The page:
Extracting brain cells through the nose could cure diabetes

Rats with both type 1 and type 2 diabetes have been completely cured of the disease, using neuronal stem cells that have been modified to produce insulin. This approach should work in humans, too, and all it involves is shoving a needle up your nose into your brain. Yay!

Stem cells are near-universally acknowledged to be the Next Big Thing in medicine, and the only reason that we haven't used them to cure every single disease already is that we can't all agree on a reasonable, ethical place to go get them from. But we've got stem cells all over the place in our own bodies, we just have to go and harvest them, which is easier said than done, but definitely not impossible.

Our brains, for example, are home to neural stem cells, which (with a little prodding) can transform themselves to perform all kinds of helpful tasks. One of these tasks is producing insulin, which researchers at the Institute of Advanced Industrial Science and Technology in Tsukuba Science City, Japan have shown can totally cure type 1 and type 2 diabetes, at least in rats.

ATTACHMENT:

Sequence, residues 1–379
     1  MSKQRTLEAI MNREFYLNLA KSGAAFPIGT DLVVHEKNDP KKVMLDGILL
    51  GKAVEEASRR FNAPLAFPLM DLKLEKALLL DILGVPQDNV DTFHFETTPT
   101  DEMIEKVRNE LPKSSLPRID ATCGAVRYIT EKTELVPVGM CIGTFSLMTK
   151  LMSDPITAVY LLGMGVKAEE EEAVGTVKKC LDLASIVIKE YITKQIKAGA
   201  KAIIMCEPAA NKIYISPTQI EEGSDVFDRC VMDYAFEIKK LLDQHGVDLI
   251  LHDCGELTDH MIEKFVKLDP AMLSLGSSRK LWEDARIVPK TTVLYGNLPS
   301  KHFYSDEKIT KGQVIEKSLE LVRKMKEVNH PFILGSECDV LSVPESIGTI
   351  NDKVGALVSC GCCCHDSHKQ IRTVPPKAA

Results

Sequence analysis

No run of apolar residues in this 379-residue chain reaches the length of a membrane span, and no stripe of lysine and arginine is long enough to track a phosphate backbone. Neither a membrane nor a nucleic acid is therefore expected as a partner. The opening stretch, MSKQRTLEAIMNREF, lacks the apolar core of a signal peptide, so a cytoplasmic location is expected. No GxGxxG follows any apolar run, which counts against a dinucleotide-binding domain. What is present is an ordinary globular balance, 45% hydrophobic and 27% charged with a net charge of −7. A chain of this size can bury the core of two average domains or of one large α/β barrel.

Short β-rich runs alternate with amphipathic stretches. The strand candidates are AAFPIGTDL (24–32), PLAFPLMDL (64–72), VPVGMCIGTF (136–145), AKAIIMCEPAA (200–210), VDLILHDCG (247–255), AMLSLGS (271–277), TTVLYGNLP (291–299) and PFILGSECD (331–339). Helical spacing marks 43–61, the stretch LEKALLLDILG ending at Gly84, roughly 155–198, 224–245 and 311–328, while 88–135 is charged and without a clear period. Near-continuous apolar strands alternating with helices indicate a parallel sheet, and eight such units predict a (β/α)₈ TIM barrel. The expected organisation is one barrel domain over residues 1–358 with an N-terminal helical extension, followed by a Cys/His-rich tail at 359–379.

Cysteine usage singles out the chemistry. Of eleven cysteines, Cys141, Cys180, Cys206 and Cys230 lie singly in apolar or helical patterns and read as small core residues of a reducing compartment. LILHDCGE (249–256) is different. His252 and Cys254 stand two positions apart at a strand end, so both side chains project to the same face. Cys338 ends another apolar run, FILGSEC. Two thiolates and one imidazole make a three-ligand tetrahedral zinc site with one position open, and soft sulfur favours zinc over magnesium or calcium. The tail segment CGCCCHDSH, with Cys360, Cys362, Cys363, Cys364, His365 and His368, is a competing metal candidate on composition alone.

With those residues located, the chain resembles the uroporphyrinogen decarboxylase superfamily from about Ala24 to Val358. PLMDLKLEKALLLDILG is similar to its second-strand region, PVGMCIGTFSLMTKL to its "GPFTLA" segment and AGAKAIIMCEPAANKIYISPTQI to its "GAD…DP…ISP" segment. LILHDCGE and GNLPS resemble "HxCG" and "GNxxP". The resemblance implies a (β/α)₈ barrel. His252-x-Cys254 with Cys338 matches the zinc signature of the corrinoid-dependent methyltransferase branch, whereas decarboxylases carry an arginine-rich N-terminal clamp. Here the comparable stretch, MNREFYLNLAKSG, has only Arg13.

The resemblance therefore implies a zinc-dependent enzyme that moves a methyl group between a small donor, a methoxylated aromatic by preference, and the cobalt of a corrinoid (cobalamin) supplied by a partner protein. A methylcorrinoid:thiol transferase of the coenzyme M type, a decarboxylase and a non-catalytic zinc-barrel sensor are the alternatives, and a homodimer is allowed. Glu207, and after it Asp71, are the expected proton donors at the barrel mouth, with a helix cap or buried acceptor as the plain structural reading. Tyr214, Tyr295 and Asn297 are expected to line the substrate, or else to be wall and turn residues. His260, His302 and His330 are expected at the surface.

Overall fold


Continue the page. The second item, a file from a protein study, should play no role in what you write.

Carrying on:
To get the stem cells, the researchers stuck a needle up the noses of diabetic rats and poked around in their brains a little bit, extracting tissue from the olfactory bulb and the hippocampus, which are the parts of the brain that allow you to smell things and store memories, so poking them with a big needle is totally not a big deal.

The rat's brain tissue was chock-full of neural stem cells, which were extracted and taught to produce insulin using a human protein called Wnt3a. Then the cells were stuck onto thin sheets of collagen, which were implanted on top of the rat's pancreas, and within a week, the rat no longer had diabetes, as the stem cells were effectively able to produce insulin to regulate blood glucose levels. After 19 weeks, the stem cell sheets were removed, and the rats went straight back to being diabetic, with no other harmful effects.

Apparently, extracting neural stem cells from humans in this manner (i.e. with the needle up the nose) has already been tried and is completely safe, so all that remains is to verify that the neural stem cell insulin education technique works on human stems cell lines as well as in rats, and we could be looking at a permanent, drug-free cure for diabetes.

Via New Scientist

For the latest tech stories, follow us on Twitter at @dvice